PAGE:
When I was little I dreamed of being _____ (you fill in the blank.) You are who you are. You are special. You are important. You have a purpose. And you must fulfill that purpose. There is always more. You have potential that lies within you, and some of that is fighting to come out. You can repress it for a long time, but don’t let it keep you from becoming the person you were meant to become.
I wanted to have a position where I could make a significant contribution to the direction of an organization. When I realized that I wasn’t getting to that point fast enough, I looked for other opportunities. I even looked for a different job. I interviewed with a company that processes soybeans, and I was just getting back from a second interview — nearly home, when a city bus, with a big logo on the side of it was advertising that it was powered with soy diesel. I took it as a sign. I was sure that I was going to get the job. One week later, 9-11-2001. Two planes flying into the Twin Towers in Manhattan, and the economy shifted. The job stalled.
I moved on. I applied for, and was accepted to begin training to become a Presbyterian Lay Pastor. At that time, the process involved a direct mentorship and training that lasted for 2 years. I then did pulpit supply (filling in for pastors on vacation) for another couple of years. Then I was asked if I would consider being the Commissioned Lay Pastor for a small church 50 miles north of where I lived. I accepted, and did that for nearly 9 years.
All of this molded me into the person I am.
You have to decide, first in your mind, who you are. Then you act according to those beliefs. When others give us feedback that agrees with our mind’s perception, we continue happily along our path. And when the feedback is contrary, we have two choices: (1) change our belief system or (2) ignore the information.
If we consider changing our belief system, we say “See, told you, this was all wrong! You thought you could do something special. You were never going to make the difference you wanted.” And we turn away from opportunity to fulfill our destiny. We push the “future self” back into the hole. We let ourselves off the hook. We go back to the same old, same old.
Know this: Average people want others — especially, their “friends” — to remain average. If you become something more, then they should have the capability to become more. But becoming more, requires effort. Effort requires change. Change is uncomfortable. And many people don’t want to move outside their comfort zone. Thus, they are where they are. That’s not necessarily bad, but it’s not great either.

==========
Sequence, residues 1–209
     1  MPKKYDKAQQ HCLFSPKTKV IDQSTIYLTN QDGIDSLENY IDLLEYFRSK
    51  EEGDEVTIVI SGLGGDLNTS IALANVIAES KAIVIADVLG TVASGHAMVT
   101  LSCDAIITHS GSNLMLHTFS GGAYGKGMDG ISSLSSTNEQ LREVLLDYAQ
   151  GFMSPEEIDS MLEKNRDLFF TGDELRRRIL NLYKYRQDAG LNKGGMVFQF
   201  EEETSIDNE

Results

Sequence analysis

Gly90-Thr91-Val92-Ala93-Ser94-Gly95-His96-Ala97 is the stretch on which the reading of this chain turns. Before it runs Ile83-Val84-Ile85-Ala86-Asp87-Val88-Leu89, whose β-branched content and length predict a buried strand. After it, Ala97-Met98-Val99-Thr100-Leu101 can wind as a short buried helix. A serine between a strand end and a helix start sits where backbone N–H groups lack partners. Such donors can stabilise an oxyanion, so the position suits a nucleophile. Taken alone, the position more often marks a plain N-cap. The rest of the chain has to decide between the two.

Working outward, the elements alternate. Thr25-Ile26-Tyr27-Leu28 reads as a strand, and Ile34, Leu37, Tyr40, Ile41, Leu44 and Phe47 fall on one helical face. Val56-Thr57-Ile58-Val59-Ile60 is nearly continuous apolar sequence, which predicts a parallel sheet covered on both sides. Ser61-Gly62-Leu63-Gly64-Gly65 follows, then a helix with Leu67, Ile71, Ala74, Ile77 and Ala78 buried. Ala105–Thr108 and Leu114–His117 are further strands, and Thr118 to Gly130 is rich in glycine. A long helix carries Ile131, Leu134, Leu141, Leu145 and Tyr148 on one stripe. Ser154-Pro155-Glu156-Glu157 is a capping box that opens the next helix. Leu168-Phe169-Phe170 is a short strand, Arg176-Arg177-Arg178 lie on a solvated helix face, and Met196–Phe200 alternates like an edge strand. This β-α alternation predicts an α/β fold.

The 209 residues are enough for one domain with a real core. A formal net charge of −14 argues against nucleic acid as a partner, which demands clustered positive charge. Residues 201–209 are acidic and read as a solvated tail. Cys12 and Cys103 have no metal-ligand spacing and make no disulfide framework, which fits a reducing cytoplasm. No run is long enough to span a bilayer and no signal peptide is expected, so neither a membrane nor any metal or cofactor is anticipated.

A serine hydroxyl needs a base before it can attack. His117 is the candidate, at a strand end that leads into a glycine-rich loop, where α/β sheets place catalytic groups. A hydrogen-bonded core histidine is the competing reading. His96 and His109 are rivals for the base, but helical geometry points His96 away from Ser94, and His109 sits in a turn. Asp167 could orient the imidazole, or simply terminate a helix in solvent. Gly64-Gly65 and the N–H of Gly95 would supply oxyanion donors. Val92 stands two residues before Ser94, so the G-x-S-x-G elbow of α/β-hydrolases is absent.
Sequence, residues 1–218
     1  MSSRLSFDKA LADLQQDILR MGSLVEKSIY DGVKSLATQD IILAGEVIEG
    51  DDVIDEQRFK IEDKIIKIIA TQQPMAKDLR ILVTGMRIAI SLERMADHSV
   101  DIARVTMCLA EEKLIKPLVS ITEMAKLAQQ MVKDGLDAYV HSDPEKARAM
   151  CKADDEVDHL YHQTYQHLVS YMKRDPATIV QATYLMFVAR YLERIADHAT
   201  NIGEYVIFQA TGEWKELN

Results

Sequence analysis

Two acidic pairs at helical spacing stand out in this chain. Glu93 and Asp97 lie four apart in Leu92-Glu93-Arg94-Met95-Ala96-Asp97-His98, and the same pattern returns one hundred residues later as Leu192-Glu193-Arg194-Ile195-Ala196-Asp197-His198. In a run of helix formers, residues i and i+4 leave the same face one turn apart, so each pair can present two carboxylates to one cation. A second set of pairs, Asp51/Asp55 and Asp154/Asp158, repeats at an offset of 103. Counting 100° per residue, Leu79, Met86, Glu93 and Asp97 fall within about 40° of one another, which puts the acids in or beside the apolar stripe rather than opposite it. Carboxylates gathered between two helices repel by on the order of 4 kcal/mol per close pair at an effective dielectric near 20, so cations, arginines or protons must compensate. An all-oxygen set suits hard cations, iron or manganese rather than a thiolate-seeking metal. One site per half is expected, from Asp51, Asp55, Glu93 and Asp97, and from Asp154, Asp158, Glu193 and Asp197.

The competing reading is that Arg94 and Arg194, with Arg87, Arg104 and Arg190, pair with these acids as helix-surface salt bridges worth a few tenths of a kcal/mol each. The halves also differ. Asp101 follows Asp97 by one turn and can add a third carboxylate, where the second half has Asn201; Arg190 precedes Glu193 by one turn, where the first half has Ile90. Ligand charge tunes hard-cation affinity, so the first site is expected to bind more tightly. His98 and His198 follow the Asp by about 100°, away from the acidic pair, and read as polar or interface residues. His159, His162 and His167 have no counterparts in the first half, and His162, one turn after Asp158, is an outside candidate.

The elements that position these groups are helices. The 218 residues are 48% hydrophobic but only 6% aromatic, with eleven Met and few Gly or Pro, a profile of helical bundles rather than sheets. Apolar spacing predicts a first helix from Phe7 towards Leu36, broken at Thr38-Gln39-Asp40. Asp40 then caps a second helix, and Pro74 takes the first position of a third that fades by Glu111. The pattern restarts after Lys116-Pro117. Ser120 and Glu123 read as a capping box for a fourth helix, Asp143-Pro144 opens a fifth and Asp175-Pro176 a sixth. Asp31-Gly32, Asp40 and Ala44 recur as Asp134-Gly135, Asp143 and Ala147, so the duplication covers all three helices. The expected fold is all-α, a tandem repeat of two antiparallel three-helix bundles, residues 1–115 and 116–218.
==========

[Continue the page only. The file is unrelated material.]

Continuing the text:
What is average? Half is worse, but half is better. Average is right in the middle. A group of students was surveyed, and 70% of them thought they were above average. Their teachers were also given the survey, and 80% of them thought they were above average. Most people believe they are above average. Physically, that is not possible.
Life is so much easier if we can convince ourselves, that we are where we are and we are not going to get any better (and neither are you). Life just didn’t deal us the cards of greater success.
Throw in your cards, and get a new hand! Can anyone do that? Yes!
Ignore the initial feedback, and keep on getting ready to be the person that is expected to show up for the situation. Be the person you wanted to be now; and continue becoming a stronger version of that as you step out of that old comfort zone and stretch the boundaries to become everything you were ever designed to become. Focus on growing those skills needed to be the person you want to be: attributes, characteristics, actions, and appearance. Be that person and grow your wings on the way down!
If you are looking for help – Leadership Harbor – we help you grow in a safe environment (Harbor), and prepare you for the rest of the world. Lead! Be bold! There are others that need you to help them find their way as well.
Take care, my friends.